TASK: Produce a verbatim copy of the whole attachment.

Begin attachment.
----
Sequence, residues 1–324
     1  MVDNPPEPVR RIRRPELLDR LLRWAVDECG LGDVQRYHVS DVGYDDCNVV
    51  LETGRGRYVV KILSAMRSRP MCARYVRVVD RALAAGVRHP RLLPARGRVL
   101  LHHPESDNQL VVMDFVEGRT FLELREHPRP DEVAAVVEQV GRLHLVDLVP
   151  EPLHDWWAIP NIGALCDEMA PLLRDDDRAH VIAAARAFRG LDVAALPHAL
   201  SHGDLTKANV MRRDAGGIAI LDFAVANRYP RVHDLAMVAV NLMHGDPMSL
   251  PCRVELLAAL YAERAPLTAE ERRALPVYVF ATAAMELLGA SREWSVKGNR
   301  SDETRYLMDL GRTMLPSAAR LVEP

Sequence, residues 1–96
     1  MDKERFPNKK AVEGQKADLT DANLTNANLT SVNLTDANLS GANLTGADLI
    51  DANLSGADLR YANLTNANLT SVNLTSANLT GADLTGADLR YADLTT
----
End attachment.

Sequence, residues 1–324
     1  MVDNPPEPVR RIRRPELLDR LLRWAVDECG LGDVQRYHVS DVGYDDCNVV
    51  LETGRGRYVV KILSAMRSRP MCARYVRVVD RALAAGVRHP RLLPARGRVL
   101  LHHPESDNQL VVMDFVEGRT FLELREHPRP DEVAAVVEQV GRLHLVDLVP
   151  EPLHDWWAIP NIGALCDEMA PLLRDDDRAH VIAAARAFRG LDVAALPHAL
   201  SHGDLTKANV MRRDAGGIAI LDFAVANRYP RVHDLAMVAV NLMHGDPMSL
   251  PCRVELLAAL YAERAPLTAE ERRALPVYVF ATAAMELLGA SREWSVKGNR
   301  SDETRYLMDL GRTMLPSAAR LVEP

Sequence, residues 1–96
     1  MDKERFPNKK AVEGQKADLT DANLTNANLT SVNLTDANLS GANLTGADLI
    51  DANLSGADLR YANLTNANLT SVNLTSANLT GADLTGADLR YADLTT